Earlier this month, Autodesk released the Revit 2019.1 update. Although it was a relatively minor release, I’ve seen one feature which has gotten people excited: the Free Form Rebar tool.
“In Revit 2019.1 the Free Form Rebar tool can now be used to create rebar sets with planar bars distributed along the faces of a structural element and aligned to a distribution path. This new type of the free form rebar distribution increases 3D rebar modeling versatility and helps you define accurate reinforcement for standard and non-standard shapes of concrete elements.” -Sylvia Knauer, Autodesk
Revit has made it easier to design buildings for our architecture and engineering colleagues for quite some time, however it is only at its infancy in regards to detailing tools for the construction side of the industry. In 2017, Autodesk rolled out tools and libraries in Revit for MEP fabrication, but with the 2019.1 update it seems as if they now have their sights set on the concrete trade. It was only a few months ago that I worked for a general contractor who self-performed concrete (shout out to Lease Crutcher Lewis in Seattle!), so seeing Revit improve on its tools for modeling rebar details hit really close to home.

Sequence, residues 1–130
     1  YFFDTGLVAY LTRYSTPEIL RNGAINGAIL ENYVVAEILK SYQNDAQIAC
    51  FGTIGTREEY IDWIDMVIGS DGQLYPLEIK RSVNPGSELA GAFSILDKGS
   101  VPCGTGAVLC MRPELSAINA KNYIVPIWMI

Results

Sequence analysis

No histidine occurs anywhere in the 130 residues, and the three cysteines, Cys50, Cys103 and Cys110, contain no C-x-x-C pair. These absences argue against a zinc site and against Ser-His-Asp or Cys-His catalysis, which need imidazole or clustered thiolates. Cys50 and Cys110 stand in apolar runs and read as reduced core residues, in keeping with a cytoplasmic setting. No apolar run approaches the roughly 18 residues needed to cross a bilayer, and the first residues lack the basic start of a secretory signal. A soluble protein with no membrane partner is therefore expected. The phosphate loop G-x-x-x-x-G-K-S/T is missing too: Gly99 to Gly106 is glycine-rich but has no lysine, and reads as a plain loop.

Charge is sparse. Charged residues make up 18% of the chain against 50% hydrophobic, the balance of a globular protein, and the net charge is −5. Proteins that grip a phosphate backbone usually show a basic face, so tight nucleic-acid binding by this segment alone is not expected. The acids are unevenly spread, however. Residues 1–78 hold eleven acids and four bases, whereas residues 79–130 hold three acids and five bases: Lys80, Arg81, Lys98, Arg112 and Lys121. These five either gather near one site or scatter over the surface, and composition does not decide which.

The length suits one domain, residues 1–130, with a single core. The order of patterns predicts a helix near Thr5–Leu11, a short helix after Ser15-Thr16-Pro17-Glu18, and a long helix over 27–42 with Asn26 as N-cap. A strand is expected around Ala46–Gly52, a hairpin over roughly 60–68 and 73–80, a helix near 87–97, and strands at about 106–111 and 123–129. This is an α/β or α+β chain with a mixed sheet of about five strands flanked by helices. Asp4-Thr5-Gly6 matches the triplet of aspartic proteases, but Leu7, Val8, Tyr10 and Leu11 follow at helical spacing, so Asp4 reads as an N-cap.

Currently, Revit is not typically known as the BIM application of choice when it comes to rebar detailing and we all now how picky Revit can be when it comes to interoperability. Most users have to work with other file formats such as IFC, 3D DWGs, and even Navisworks models to reference rebar in Revit, but it’s never been in a true BIM fashion, as you seem to lose a lot of model data in this process.
New for Revit 2019.1, rebar can now populate the host surfaces by the reference as shown in the screenshots below. I immediately began to consider the possibilities of a contractor getting even more estimates earlier on using a structural design Revit model.
Now that Revit 2019.1 has improved its capability in detailing rebar natively, Autodesk has gotten us one step closer to bridging the gap between design and construction teams. I believe we can all agree that Revit works best when using native Revit elements so that you can view element parameters seamlessly. Needless to say, I am looking forward to seeing more subcontractors adopt Revit and I believe tools like this are the missing link.
“Free Form Rebars can now be used to create rebar sets with planar rebars distributed along the faces of a structural concrete element and aligned to a distribution path. Just like with the surface distribution type, modeling of the aligned distribution type can be done by working in 3D views and selecting the structural element faces to align the bars.”
– Tomasz Fudala, Autodesk
Overall, it great to see that Autodesk is pushing for even more tools for the construction side of the industry which helps our trade partners out in the field to get on the same platform (and someday perhaps even the same model) as the design team.
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